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Angola

Religion and Languages of Angola

Economic growth in 2012 fell to 8.4%. In 2000-10, the country had one of the highest growth rates in the world with 11.1% average annual growth. The largest trading partner is China, which in 2012 reduced 45.8% of Angola's exports, followed by the US with 13.7%.

In early April 2013, the United Nations High Commissioner for Human Rights, Navi Pillay, visited the country at the invitation of the government. During his visit, Pillay raised numerous concerns about the country's respect for human rights: restrictions on freedom of expression, excessive use of force to suppress protests, mistreatment and sexual abuse against unregistered emigrants, forced removals, and violation of economic and social rights. Pillay's visit put a rare spotlight on the country's human rights, largely ignored by Angola's regional and international parties, which prioritize trade relations with the country. Despite the visit, conditions did not improve.

In 2014, the country was subject to the regular inspection (UPR) of the UN Human Rights Council. Angola had then accepted 192 of the 226 recommendations from the previous review and declared that it would consider the remaining 34 recommendations further - many of them in the areas of freedom of expression and assembly. But in March 2015, the government declared it rejected the 34 recommendations.

According to Countryaah, Angola gained a seat on the UN Security Council on 1 January 2015 - for a two-year term. The country was hit hard by the drastically falling oil prices during the year, as the oil accounted for 97% of export revenue.

Fifteen young activists were arrested by security forces in the days of 20-24. June in Luanda. They had attended a peaceful meeting to discuss politics and governance under dos Santos' leadership. In September, they were charged with preparing for the uprising and conspiring against the president. Four activists began a hunger strike in the same month in protest of their illegal detention. For the longest lasting, it was a 36-day hunger strike. The lawsuit against the 15 was opened in November. The penalty for the charges they were put on trial was about 3 years in prison. The imprisonment of the 15 triggered demonstrations, clashes with security forces and new detentions.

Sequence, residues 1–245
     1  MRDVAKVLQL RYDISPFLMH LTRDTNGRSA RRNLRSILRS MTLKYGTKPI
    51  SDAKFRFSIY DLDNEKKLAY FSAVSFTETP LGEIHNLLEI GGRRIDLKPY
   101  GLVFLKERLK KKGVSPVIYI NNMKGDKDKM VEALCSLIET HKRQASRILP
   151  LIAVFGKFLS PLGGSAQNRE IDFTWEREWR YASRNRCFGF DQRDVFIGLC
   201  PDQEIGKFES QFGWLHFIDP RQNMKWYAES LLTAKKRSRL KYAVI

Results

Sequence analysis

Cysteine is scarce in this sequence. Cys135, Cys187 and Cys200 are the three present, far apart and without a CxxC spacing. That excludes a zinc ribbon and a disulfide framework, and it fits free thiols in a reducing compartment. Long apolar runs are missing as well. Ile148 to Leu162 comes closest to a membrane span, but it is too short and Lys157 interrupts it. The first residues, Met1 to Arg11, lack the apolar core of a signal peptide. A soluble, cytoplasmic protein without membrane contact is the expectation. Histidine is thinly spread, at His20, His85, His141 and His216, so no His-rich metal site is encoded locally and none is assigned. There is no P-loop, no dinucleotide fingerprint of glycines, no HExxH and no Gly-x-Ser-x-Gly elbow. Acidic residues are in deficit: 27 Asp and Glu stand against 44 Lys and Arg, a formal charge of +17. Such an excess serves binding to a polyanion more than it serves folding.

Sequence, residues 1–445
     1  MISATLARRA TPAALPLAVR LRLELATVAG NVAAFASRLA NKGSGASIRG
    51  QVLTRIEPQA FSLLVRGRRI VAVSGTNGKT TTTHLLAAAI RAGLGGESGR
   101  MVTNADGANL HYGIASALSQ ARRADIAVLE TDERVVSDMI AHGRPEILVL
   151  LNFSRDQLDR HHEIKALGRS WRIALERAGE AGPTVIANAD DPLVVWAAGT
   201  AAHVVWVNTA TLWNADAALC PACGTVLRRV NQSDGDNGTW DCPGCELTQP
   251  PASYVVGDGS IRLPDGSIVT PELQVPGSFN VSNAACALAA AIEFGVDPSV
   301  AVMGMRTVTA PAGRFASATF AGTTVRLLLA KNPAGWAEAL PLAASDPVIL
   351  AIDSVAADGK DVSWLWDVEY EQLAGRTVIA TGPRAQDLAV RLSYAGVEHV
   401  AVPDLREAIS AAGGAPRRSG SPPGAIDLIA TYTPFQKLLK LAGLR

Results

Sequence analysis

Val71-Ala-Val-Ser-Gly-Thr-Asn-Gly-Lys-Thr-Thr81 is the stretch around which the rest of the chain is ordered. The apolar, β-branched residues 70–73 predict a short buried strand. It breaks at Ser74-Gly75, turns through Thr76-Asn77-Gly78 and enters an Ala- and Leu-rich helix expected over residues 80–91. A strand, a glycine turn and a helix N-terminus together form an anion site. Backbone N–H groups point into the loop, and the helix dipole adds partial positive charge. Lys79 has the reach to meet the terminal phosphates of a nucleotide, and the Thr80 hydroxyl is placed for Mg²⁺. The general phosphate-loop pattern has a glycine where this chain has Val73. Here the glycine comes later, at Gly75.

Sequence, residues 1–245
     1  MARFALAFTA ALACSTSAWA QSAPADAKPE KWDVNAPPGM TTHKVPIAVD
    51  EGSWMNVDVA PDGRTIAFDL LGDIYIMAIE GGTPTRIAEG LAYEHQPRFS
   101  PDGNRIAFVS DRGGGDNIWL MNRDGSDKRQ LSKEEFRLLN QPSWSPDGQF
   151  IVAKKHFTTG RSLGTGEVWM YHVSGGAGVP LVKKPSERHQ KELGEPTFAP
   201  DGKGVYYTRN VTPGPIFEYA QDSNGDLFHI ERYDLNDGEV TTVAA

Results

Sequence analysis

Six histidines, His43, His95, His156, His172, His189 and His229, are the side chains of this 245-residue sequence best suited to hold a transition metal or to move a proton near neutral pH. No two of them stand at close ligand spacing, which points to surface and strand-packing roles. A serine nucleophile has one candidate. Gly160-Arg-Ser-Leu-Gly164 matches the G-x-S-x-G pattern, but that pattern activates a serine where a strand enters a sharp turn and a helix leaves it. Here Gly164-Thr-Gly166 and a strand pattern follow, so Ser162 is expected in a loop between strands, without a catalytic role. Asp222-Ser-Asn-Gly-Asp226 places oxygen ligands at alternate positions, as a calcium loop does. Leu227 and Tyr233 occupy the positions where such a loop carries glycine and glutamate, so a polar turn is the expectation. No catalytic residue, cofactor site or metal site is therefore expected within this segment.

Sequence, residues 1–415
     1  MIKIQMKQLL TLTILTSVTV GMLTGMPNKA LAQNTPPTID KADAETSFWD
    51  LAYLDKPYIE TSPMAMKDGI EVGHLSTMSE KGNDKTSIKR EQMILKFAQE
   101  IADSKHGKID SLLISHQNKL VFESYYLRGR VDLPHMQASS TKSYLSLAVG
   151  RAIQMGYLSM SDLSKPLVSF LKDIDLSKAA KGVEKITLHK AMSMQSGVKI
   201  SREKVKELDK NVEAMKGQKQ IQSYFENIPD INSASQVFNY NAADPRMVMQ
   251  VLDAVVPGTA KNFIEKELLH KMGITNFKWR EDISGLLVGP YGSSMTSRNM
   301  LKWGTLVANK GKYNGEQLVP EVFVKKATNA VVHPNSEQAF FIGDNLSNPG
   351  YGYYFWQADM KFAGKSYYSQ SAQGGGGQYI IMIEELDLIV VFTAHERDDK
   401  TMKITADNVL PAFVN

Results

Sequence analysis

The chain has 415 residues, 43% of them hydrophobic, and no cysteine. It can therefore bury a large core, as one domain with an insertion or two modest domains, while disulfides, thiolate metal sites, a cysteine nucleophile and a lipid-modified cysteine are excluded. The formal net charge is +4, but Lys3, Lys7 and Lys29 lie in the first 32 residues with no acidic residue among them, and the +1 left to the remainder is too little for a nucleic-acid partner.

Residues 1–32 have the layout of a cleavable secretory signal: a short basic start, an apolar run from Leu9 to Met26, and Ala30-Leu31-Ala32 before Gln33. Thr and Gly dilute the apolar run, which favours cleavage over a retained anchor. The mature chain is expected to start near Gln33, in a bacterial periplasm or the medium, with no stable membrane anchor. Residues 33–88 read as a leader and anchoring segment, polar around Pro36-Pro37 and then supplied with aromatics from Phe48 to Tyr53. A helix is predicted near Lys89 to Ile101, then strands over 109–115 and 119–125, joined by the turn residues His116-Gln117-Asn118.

In March, Parliament passed a new tight law regulating the activities of NGOs in the country. The law imposes strict restrictions on funding and the actions of NGOs, and opens up extensive government intervention against NGOs, and thus the country's civil society.

The fall in oil prices on the international markets in 2016 meant that Angola reduced the state budget by 20%. The cuts triggered demonstrations, and in July, the United Nations Economic, Social and Cultural Rights Committee warned about the consequences of the general cuts. Among other things. that the healthcare sector was no longer given the necessary resources.

In June, President dos Santos appointed his daughter, Isabel dos Santos, the director of the country's largest oil company, Sonangol, involved in bribery scandals.

The parliamentary elections in August 2017 were a minor defeat of the ruling MPLA, which went back 25 seats to 150. In contrast, the largest opposition party UNITA went 19 seats up to 51. Already in December 2016, the MPLA had decided that the incumbent President dos Santos should not line up again. The party's leader and first candidate should instead be Defense Minister João Manuel Gonçalves Lourenço. As MPLA received 61.1% of the vote despite the decline, João Lourenço was appointed as the country's president in September.

Ten days after the August elections, UNITA filed an election fraud complaint, but this was rejected by the Supreme Constitutional Court a few days later.

In November, President Lourenço removed former president's daughter Isabel dos Santos as director of the state oil company. However, she still controlled the country's largest mobile phone company Unitel, satellite TV company Zap and was good for US $ 3.3 billion.

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